9. 68:31 The wild beast of the reeds: probably the Nile crocodile, a symbol for Egypt; see Ps 68:32 and Ez 29:2–5.
New American Bible (Revised Edition) (NABRE)

Scripture texts, prefaces, introductions, footnotes and cross references used in this work are taken from the New American Bible, revised edition © 2010, 1991, 1986, 1970 Confraternity of Christian Doctrine, Inc., Washington, DC All Rights Reserved. No part of this work may be reproduced or transmitted in any form or by any means, electronic or mechanical, including photocopying, recording, or by any information storage and retrieval system, without permission in writing from the copyright owner.

Acts 7:31-60 New American Bible (Revised Edition) (NABRE)

31 When Moses saw it, he was amazed at the sight, and as he drew near to look at it, the voice of the Lord came, 32 ‘I am the God of your fathers, the God of Abraham, of Isaac, and of Jacob.’ Then Moses, trembling, did not dare to look at it. 33 But the Lord said to him, ‘Remove the sandals from your feet, for the place where you stand is holy ground. 34 I have witnessed the affliction of my people in Egypt and have heard their groaning, and I have come down to rescue them. Come now, I will send you to Egypt.’ 35 This Moses, whom they had rejected with the words, ‘Who appointed you ruler and judge?’ God sent as [both] ruler and deliverer, through the angel who appeared to him in the bush. 36 This man led them out, performing wonders and signs in the land of Egypt, at the Red Sea, and in the desert for forty years. 37 It was this Moses who said to the Israelites, ‘God will raise up for you, from among your own kinsfolk, a prophet like me.’ 38 It was he who, in the assembly in the desert, was with the angel who spoke to him on Mount Sinai and with our ancestors, and he received living utterances to hand on to us.

39 “Our ancestors were unwilling to obey him; instead, they pushed him aside and in their hearts turned back to Egypt, 40 saying to Aaron, ‘Make us gods who will be our leaders. As for that Moses who led us out of the land of Egypt, we do not know what has happened to him.’ 41 So they made a calf in those days, offered sacrifice to the idol, and reveled in the works of their hands. 42 Then God turned and handed them over to worship the host of heaven, as it is written in the book of the prophets:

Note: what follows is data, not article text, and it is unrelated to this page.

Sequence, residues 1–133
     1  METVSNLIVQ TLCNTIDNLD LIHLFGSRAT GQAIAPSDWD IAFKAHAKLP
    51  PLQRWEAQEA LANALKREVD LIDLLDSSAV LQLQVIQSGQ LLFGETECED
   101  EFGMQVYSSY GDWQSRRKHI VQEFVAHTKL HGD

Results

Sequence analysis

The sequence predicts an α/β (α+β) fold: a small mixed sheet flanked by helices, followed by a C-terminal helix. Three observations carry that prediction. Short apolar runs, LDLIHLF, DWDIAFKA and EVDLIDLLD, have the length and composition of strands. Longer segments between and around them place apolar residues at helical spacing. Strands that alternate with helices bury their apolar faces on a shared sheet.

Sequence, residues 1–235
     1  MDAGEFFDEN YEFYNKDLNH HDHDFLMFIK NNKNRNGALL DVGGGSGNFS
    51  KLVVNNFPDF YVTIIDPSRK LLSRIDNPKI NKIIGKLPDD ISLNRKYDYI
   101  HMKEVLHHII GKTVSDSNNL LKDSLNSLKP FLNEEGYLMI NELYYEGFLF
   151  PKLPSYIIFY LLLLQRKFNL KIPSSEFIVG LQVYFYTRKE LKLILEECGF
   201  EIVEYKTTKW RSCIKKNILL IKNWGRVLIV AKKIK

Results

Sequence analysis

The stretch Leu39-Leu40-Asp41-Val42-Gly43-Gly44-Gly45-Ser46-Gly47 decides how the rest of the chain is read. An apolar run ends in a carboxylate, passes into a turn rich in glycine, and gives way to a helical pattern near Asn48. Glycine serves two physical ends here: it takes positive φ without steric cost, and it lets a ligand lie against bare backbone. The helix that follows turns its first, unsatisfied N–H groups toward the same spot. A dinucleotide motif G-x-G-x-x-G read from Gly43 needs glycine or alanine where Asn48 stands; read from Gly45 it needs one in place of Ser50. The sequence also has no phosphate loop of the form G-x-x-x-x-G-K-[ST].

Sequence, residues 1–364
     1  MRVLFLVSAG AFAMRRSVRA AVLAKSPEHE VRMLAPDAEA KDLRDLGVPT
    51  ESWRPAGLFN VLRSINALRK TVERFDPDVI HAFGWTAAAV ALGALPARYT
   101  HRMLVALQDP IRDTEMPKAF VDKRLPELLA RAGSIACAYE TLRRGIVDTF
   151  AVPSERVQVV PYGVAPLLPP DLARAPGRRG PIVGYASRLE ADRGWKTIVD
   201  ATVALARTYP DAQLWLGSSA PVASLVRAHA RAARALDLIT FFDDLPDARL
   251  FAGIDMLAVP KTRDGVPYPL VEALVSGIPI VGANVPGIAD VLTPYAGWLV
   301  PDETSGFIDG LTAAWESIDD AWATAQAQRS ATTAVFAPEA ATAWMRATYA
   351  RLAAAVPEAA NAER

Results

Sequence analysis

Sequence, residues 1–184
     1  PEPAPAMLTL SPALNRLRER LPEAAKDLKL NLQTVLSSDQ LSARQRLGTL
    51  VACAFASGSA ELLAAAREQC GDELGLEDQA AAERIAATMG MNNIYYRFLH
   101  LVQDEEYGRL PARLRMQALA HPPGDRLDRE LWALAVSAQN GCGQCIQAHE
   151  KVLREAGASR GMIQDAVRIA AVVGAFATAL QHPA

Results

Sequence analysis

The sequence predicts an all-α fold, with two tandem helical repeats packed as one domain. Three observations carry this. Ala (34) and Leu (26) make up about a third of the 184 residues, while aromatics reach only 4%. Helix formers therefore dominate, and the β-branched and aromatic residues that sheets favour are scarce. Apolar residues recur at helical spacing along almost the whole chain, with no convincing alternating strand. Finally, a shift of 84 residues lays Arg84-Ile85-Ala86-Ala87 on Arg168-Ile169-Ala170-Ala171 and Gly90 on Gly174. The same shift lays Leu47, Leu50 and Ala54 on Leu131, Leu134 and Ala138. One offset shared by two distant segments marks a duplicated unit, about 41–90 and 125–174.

‘Did you bring me sacrifices and offerings
    for forty years in the desert, O house of Israel?
43 No, you took up the tent of Moloch
    and the star of [your] god Rephan,
        the images that you made to worship.
So I shall take you into exile beyond Babylon.’

44 Our ancestors had the tent of testimony in the desert just as the One who spoke to Moses directed him to make it according to the pattern he had seen. 45 Our ancestors who inherited it brought it with Joshua when they dispossessed the nations that God drove out from before our ancestors, up to the time of David, 46 who found favor in the sight of God and asked that he might find a dwelling place for the house of Jacob. 47 But Solomon built a house for him. 48 Yet the Most High does not dwell in houses made by human hands. As the prophet says:

49 ‘The heavens are my throne,
    the earth is my footstool.
What kind of house can you build for me?
    says the Lord,
    or what is to be my resting place?
50 Did not my hand make all these things?’

Conclusion. 51 “You stiff-necked people, uncircumcised in heart and ears, you always oppose the holy Spirit; you are just like your ancestors. 52 Which of the prophets did your ancestors not persecute? They put to death those who foretold the coming of the righteous one, whose betrayers and murderers you have now become. 53 You received the law as transmitted by angels, but you did not observe it.”

Stephen’s Martyrdom. 54 When they heard this, they were infuriated, and they ground their teeth at him. 55 But he, filled with the holy Spirit, looked up intently to heaven and saw the glory of God and Jesus standing at the right hand of God,[a] 56 and he said, “Behold, I see the heavens opened and the Son of Man standing at the right hand of God.” 57 But they cried out in a loud voice, covered their ears,[b] and rushed upon him together. 58 They threw him out of the city, and began to stone him. The witnesses laid down their cloaks at the feet of a young man named Saul. 59 As they were stoning Stephen, he called out, “Lord Jesus, receive my spirit.”[c] 60 Then he fell to his knees and cried out in a loud voice, “Lord, do not hold this sin against them”; and when he said this, he fell asleep.

Footnotes:

  1. 7:55 He…saw…Jesus standing at the right hand of God: Stephen affirms to the Sanhedrin that the prophecy Jesus made before them has been fulfilled (Mk 14:62).
  2. 7:57 Covered their ears: Stephen’s declaration, like that of Jesus, is a scandal to the court, which regards it as blasphemy.
  3. 7:59 Compare Lk 23:34, 46.
New American Bible (Revised Edition) (NABRE)

Scripture texts, prefaces, introductions, footnotes and cross references used in this work are taken from the New American Bible, revised edition © 2010, 1991, 1986, 1970 Confraternity of Christian Doctrine, Inc., Washington, DC All Rights Reserved. No part of this work may be reproduced or transmitted in any form or by any means, electronic or mechanical, including photocopying, recording, or by any information storage and retrieval system, without permission in writing from the copyright owner.